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Virology, Luis Materon, Ph.D. - UTPA

9/3/12 12:38 PM

Virology, Luis Materon, Ph.D. - UTPA

Virology, Luis Materon, Ph.D. - UTPA 9/3/12 12:38 PM Virology, Luis Materon, Ph.D. - UTPA <afaculty.utpa.edu | Home | Notes | Messages | Class Syllabus | Lab Syllabus | Lab Projects | Reading | Images | Journals | Links | Contact | Size Range Measure in nm = nanometers (1 nm = 1 thousandth of a micrometer or 1 millionth of a mm). ​ ​ Smallest have the size of ribosome (25-30 nm). ​ ​ More than 2,000 bacterial viruses could fit into an average bacterial cell. Bacteriophages average 65 x 200 nm. ​ ​ More than 50 million polioviruses could be accommodated by an average human cell. ​ ​ Animal viruses range in size from the small parvoviruses (20 nm = 0.02 µm in diameter). Poxviruses can be as large as bacteria (up to 450 nm in length). Vaccinia (210 nm). Some cylindrical viruses (TMV) are relatively long (800 nm = 0.8 µm) but narrow in diameter (15 nm = 0.015 µm). http://www.instapaper.com/text?u=http%3A%2F%2Ffaculty.utpa.edu%2Flmateron%2F4404%2Fviro-5.html Page 1 of 8 " id="pdf-obj-0-10" src="pdf-obj-0-10.jpg">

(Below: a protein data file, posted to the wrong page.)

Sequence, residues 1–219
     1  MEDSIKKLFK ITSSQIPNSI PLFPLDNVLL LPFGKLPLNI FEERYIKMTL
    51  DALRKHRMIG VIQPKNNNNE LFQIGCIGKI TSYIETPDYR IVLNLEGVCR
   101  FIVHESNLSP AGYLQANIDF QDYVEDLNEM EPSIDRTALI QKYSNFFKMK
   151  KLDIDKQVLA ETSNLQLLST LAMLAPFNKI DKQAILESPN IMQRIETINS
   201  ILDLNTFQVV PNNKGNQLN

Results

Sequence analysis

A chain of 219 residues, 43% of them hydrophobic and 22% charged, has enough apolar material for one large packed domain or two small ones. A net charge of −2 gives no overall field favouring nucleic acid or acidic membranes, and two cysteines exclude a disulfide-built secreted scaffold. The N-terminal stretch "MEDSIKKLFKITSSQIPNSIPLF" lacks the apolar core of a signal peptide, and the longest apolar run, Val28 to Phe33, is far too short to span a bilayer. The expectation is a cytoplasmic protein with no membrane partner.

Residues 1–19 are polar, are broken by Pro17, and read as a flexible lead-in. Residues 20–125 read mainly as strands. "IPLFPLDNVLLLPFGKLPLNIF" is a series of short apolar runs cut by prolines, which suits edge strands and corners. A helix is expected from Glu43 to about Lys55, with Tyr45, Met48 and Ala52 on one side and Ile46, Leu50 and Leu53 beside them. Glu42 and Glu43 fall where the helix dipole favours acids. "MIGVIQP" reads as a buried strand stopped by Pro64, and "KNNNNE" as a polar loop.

Size Range

  • Measure in nm = nanometers (1 nm = 1 thousandth of a micrometer or 1 millionth of a mm).

​ ​ Smallest have the size of ribosome (25-30 nm). ​ ​ More than 2,000 bacterial
Smallest have the size of ribosome (25-30 nm).
More than 2,000 bacterial viruses could fit into an average bacterial cell.
Bacteriophages average 65 x 200 nm.
  • More than 50 million polioviruses could be accommodated by an average human cell.

  • Animal viruses range in size from the small parvoviruses (20 nm = 0.02 µm in diameter).

 
  • Poxviruses can be as large as bacteria (up to 450 nm in length). Vaccinia (210 nm).

  • Some cylindrical viruses (TMV) are relatively long (800 nm = 0.8 µm) but

 

narrow in diameter (15 nm = 0.015 µm).

 

Virology, Luis Materon, Ph.D. - UTPA

9/3/12 12:38 PM

  • Host cells are often 1,000 times the volume of a virus infecting it. 1/10 to 1/3 of bacterial size.

Cultivation of Viruses

Initially it was believed that viruses, as obligatory intracellular parasites, could not replicate in any cell-free medium, no matter how complex.